Maya Angelou “I know why the caged bird sings” – book review

This is another book that I listened to on Audible over a long period of time. But the narration is so spectacular (the book is narrated by the author herself) and the writing so compelling that it feels very fresh in my mind.

This is the first, most famous, volume of Maya Angelou’s autobiography. She describes what it was like to grow up as a black girl in the US in the 1930s. The narrative starts with Marguerite (Maya was her nickname) and her brother Bailey living in the small town of Stamps in Arkansas with their grandmother, Annie Henderson. Their parents had divorced and left the children in the care of the grandmother. She seems to have been an incredibly tough woman – not only taking care of her grandchildren, but also the successful owner of a general store – and even some of the white folks in town borrowed some of her money during the Great Depression. The children’s travels from parents to grandmother and back to their parents form a thread throughout the narrative.

It is Bailey who mostly craves the company and the attention of “mother dear”, as only a child who actually can remember the missing parent can, Initially, one can sense that Maya would have been quite happy to stay in Stamps, but the children’s father picks them up to drop them off unceremoniously at their mother’s and her relatives in St. Louis.

But this is selling an incredibly vivid story short. To give you a little taste, here’s a link to the opening prologue. And from this point on, if you’ve not read this book, you might want to stop reading the review, as spoilers abound.

In fact, the reason that I paused in listening to the book for a while, was perhaps because it made too much of an impression. The vivid description of Maya’s childhood sexual abuse by her stepfather was heart rending and very difficult to listen to without flinching. The vengeful bit of me was almost glad of the fact that Maya’s uncles probably murdered the perpetrator in revenge – especially when the authorities only kept him in jail for a single day. But the little girl blamed herself for the man’s murder – and stopped speaking for a number of years. It is her love of reading and books that brings her back to speech.

One gets a real sense of brutality of the times the narrator describes. At one point, her mother shoots and wounds a man who called her a bitch.

Later on, Maya gets “cut” by his father’s girlfriend, blood seeping all over her. Instead of taking her to hospital, her Dad stows her away at a friends – as he would be embarrassed to be the talk of the town. The father in this book – a charismatic man with an affection for the ladies, but not particularly capable of taking care of his children, reminded me a little of Zora Neale Hurston’s description of her father in Dust Tracks – only I read the books almost together (one on audio, one on paper), so I worry that they might slowly fuse into one in my brain.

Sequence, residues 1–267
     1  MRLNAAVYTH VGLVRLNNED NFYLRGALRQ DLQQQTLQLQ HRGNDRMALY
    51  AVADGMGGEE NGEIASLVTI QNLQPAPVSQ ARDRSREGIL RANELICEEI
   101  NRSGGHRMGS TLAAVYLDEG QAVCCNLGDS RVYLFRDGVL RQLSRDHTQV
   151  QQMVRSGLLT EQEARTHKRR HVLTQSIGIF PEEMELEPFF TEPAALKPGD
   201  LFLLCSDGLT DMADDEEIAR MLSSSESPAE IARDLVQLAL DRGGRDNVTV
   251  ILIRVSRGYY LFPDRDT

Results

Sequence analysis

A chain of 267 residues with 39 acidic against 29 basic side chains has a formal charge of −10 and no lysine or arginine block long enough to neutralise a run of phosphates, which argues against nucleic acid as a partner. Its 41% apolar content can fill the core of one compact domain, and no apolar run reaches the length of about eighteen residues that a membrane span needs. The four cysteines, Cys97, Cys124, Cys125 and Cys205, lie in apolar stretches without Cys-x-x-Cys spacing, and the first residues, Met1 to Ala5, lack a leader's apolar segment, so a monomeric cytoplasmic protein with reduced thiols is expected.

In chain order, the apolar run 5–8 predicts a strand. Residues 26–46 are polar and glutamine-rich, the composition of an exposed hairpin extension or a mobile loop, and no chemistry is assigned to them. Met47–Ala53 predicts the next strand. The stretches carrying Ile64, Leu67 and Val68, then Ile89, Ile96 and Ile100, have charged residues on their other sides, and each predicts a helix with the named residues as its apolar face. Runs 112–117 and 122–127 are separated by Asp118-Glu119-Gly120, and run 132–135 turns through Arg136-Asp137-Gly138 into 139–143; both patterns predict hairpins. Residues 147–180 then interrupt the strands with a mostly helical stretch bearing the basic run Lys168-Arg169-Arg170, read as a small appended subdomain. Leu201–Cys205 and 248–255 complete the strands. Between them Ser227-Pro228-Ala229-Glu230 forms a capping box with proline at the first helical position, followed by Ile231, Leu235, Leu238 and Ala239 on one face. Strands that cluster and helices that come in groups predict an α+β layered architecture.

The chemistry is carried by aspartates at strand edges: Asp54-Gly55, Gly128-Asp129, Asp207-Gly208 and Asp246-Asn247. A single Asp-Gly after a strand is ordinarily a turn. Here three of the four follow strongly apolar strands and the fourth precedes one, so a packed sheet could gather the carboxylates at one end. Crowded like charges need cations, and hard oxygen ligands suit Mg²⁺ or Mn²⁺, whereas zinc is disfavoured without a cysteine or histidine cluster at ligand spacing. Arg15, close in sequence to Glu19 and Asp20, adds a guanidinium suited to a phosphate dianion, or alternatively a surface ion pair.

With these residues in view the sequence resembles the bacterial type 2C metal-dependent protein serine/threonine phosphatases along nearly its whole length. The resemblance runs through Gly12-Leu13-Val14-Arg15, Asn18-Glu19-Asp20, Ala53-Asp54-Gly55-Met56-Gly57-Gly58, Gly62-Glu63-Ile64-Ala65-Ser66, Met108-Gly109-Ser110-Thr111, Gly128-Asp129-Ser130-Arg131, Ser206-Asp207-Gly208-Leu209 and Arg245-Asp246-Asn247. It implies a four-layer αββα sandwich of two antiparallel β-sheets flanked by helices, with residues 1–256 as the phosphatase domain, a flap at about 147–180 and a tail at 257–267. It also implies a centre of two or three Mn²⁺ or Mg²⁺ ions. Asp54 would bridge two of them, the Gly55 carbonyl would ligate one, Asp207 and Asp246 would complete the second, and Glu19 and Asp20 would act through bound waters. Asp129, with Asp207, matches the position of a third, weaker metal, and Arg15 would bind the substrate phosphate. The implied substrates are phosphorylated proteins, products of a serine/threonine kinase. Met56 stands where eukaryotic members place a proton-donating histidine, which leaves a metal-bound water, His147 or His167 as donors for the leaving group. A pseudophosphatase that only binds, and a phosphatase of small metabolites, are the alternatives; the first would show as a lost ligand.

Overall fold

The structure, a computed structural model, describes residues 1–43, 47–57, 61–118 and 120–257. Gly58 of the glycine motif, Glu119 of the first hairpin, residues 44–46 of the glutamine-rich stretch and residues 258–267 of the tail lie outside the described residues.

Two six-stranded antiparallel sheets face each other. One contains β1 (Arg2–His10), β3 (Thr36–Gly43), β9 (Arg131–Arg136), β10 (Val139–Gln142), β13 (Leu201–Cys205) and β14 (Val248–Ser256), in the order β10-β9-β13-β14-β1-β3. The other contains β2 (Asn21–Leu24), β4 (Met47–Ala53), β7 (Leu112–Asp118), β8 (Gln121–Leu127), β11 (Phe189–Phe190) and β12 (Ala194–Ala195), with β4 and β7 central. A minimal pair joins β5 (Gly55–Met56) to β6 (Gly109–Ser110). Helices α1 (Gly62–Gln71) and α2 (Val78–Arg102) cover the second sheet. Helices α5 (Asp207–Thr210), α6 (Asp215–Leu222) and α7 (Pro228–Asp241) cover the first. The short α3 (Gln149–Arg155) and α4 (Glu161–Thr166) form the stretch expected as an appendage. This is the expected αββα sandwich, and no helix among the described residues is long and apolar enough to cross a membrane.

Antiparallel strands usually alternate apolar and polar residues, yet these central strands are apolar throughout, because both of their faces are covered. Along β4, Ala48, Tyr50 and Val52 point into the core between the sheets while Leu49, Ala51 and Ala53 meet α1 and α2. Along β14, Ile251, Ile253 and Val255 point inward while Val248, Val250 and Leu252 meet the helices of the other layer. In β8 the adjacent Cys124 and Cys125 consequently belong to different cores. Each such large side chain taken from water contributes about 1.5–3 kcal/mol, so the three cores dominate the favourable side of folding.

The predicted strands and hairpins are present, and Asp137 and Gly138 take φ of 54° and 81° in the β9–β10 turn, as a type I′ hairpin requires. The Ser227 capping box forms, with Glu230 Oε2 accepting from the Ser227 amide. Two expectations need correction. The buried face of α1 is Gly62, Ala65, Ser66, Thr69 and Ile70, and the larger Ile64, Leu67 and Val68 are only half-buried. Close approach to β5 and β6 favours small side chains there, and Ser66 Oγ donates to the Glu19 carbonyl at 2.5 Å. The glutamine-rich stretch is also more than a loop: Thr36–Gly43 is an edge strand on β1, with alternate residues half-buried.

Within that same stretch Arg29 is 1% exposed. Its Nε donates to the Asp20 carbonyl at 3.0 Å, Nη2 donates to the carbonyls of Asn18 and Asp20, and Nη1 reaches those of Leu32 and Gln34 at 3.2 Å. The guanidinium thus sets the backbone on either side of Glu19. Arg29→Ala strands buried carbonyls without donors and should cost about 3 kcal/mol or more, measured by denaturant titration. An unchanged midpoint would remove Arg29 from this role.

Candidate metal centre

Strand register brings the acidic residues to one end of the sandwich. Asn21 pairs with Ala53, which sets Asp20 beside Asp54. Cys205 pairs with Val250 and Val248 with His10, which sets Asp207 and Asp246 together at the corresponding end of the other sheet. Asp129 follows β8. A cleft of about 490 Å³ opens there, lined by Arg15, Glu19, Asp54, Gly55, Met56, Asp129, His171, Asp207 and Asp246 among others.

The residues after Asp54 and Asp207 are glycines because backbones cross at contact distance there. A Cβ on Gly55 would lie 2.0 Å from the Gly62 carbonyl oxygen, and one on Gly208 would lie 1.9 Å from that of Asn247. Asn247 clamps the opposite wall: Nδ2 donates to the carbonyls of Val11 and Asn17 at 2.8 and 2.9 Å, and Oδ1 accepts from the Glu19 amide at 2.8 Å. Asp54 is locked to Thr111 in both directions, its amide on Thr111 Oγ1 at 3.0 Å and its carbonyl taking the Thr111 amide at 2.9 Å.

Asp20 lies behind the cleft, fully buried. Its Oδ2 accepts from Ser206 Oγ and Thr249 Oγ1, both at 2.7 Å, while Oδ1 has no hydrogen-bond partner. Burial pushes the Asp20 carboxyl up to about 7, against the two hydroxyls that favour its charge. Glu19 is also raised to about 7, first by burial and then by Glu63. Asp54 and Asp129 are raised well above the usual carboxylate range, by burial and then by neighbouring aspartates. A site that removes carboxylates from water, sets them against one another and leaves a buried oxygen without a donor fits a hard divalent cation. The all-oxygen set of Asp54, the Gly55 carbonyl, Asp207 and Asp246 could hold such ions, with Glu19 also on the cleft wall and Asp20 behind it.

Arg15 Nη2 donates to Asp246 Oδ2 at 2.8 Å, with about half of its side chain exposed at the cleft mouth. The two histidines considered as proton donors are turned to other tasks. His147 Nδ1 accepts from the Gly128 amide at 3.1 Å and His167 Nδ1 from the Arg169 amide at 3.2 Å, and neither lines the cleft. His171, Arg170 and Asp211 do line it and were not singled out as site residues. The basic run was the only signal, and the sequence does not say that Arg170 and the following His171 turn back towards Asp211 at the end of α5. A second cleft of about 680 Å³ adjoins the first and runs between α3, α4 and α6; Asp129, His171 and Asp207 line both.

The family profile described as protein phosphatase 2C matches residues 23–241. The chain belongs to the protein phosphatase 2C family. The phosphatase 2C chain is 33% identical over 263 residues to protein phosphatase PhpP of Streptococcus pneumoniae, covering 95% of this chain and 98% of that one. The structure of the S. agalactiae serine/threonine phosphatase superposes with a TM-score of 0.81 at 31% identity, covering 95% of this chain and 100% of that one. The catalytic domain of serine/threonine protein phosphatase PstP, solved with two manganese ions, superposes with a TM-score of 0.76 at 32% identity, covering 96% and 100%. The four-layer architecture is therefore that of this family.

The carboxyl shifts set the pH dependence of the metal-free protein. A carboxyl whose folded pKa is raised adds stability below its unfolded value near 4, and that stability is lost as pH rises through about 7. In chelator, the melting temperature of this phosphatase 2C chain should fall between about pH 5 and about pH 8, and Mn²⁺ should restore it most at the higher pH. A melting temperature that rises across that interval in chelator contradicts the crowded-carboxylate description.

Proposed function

Maya’s mother, on the other hand, was a beautiful woman who enjoyed life – and there are on occasion scenes of truly touching intimacy between the two of them. My favourite was the episode where the poor narrator is so worried about her changing teenage body that she wakes her mother up in the middle of the night. Her mother, completely unfazed, shows her the entry in the dictionary for vagina and the anatomy of a woman’s body parts. That said, the same mum was also capable of not noticing, a year later, that her daughter was eight months pregnant. Maya gave birth to her son at the age of seventeen – she keeps her pregnancy a secret from her mother, as her brother tells her that otherwise she would be made to give up school. Luckily for Maya, her mother’s unconventional lifestyle meant that she was completely happy with her daughter’s decision not to marry the father of the baby.

Though family relationships form the undoubted core of this book, its heart are the descriptions of the world as seen through the eyes of a young child. Together with Maya we experience the shock of her brother seeing a drowned black man. We are being told that the narrator will not be treated by the dentist in Stamps, because he will treat whites only. Even though her grandmother lent him money a few years back so that he could keep his practice.

We experience the horror of a white man coming to tell black students graduating from school that while the white schools would get microscopes and scientific equipment, the black school would get a sports field. We share in Maya’s triumph as she becomes the first black streetcar driver in San Francisco.

In fact the brutal scenes I have recounted here again might give you the wrong impression of the book too. There are moments that are genuinely hilarious: like that time when Maya decides to get her drunken father back home from Mexico. one tiny problem – they’re in a car and she can’t drive… Or can she drive? After all, she thinks to herself, she has spent ages watching her Mum, and she’s very intelligent, so she must be able to…

I had no idea that I would like this book as much as I did – which leaves me in a bit of a pickle – as I wasn’t intending to be interested in reading the next parts of the autobiography… and now I’m seriously tempted.

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